Despite banker complaints that it is being too strict, the Basel Committee on Banking Supervision has stuck to its guns on market-risk rules.

The capital standards announced Tuesday by Basel Committee Chairman Tommaso Padoa-Schioppa do contain some changes from the group's April proposal.

Most important, bankers will be able to take account of factors that offset trading losses - when one security or derivatives contract rises in value if another drops - in calculating the risks posed by their activities.

But the standards stick to the basic formula proposed. Regulators will determine how much capital a bank must set aside, using either a standardized formula or banks' internal risk-management models. Use of the models is subject to a number of constraints that, U.S. bankers have complained, inflate the capital requirement.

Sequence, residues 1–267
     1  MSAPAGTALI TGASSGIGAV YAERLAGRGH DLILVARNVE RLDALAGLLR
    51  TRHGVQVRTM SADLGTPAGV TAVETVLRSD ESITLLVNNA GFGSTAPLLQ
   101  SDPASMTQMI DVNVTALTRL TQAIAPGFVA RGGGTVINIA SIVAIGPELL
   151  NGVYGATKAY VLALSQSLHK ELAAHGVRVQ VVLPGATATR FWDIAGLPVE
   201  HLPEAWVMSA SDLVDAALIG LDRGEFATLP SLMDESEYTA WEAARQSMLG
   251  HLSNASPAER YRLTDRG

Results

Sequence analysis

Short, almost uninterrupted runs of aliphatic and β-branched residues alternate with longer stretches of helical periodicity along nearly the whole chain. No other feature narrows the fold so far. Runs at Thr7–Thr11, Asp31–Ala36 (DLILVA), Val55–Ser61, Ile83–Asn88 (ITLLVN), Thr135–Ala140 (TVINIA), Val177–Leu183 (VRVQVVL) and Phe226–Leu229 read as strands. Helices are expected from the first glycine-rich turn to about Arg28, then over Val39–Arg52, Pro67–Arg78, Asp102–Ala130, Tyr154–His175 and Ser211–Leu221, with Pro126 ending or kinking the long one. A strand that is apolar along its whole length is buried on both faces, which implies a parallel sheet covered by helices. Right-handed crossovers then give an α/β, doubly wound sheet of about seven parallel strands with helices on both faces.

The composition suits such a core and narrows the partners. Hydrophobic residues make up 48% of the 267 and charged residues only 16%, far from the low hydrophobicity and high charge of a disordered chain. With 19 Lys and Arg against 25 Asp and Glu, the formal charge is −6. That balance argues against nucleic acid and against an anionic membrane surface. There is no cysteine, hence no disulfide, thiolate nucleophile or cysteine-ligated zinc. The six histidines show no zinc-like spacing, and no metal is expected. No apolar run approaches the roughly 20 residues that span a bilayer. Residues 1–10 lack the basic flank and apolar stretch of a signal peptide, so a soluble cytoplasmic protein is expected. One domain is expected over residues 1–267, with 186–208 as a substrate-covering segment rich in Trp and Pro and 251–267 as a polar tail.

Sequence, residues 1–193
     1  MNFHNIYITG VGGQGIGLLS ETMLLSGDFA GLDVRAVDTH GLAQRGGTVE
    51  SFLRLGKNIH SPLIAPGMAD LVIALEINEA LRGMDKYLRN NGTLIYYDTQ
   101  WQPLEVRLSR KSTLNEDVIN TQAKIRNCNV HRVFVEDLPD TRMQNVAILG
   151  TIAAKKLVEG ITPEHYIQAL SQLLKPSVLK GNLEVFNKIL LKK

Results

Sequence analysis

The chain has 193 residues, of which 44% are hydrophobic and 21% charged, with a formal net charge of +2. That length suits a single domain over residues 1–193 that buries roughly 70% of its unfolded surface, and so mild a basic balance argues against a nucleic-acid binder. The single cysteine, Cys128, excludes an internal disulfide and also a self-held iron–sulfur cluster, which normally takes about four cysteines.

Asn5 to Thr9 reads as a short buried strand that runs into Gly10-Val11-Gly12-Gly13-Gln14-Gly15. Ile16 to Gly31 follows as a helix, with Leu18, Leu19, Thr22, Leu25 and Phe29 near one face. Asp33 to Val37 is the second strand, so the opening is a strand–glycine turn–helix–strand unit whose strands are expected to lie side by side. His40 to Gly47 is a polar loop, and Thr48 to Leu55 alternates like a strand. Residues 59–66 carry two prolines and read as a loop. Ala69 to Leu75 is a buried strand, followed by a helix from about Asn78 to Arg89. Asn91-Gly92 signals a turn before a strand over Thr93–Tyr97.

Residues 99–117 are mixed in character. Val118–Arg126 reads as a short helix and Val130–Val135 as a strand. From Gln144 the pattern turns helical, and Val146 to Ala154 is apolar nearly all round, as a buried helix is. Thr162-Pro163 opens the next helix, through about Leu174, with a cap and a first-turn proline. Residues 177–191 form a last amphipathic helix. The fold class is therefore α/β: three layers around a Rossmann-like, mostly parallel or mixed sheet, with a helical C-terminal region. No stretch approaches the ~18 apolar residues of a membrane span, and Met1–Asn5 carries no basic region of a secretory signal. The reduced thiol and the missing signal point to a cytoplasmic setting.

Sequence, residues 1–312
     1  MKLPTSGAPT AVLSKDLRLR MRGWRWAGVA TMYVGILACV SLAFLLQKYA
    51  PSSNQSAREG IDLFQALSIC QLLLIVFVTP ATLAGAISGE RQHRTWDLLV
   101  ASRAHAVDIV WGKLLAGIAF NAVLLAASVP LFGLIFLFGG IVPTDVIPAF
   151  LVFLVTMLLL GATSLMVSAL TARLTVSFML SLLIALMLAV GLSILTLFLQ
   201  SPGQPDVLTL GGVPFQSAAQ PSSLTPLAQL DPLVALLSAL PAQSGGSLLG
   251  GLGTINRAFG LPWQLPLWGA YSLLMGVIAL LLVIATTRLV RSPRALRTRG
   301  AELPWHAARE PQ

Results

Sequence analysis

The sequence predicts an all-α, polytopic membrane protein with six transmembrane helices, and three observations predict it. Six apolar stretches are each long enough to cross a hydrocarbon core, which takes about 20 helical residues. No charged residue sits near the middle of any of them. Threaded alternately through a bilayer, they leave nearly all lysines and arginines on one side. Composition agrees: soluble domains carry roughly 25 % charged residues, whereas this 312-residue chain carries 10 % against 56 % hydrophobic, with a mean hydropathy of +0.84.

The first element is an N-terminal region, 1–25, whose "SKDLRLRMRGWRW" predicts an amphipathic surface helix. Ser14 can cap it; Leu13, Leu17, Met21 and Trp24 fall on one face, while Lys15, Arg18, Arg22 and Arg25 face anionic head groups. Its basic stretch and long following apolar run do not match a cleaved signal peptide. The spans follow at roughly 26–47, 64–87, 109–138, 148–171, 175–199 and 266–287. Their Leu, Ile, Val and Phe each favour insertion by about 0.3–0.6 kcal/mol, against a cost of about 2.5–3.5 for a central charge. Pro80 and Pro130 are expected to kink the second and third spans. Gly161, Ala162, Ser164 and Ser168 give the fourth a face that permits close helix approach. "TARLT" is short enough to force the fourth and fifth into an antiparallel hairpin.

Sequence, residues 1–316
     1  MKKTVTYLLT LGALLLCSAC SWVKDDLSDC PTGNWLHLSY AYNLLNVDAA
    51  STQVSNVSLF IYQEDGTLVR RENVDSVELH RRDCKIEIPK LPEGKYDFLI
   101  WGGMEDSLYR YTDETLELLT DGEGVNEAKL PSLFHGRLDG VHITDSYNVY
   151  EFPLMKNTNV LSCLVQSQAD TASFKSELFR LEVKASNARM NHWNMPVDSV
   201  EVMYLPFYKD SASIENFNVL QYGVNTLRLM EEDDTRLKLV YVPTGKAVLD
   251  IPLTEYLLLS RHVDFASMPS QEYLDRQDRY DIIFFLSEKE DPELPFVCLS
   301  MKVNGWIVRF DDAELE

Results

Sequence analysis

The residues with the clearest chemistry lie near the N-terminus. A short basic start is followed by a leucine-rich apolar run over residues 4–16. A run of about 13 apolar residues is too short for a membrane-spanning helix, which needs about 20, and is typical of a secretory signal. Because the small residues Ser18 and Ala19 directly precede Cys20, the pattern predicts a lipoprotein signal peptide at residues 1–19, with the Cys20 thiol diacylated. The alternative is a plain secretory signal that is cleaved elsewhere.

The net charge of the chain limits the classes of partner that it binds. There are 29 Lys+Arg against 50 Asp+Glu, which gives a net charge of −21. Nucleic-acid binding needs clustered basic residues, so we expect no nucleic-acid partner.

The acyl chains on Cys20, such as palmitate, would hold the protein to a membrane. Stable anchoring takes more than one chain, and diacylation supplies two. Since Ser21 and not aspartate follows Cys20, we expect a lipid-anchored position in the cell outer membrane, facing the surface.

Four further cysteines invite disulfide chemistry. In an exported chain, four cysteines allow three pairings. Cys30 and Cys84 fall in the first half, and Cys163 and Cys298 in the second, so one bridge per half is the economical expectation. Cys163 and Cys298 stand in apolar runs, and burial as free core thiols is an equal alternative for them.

Gay Evans, a managing director at Bankers Trust International in London and chairman of the International Swaps and Derivatives Association, said that while the Basel Committee didn't go as far as many bankers wanted, "obviously they have left the door open to continue the mutual dialogue between the industry and supervisors."

However, there was no mention in the Basel announcement of a Federal Reserve proposal that has won the fancy of the biggest U.S. derivatives dealers - the so-called precommitment plan that would let banks decide for themselves how much capital to set aside for trading, and face punishment from regulators and the markets if their trading losses exceed the capital cushion.

Mr. Padoa-Schioppo, vice director general of the Bank of Italy, said the market-risk standards will take effect at the end of 1997 at the latest.

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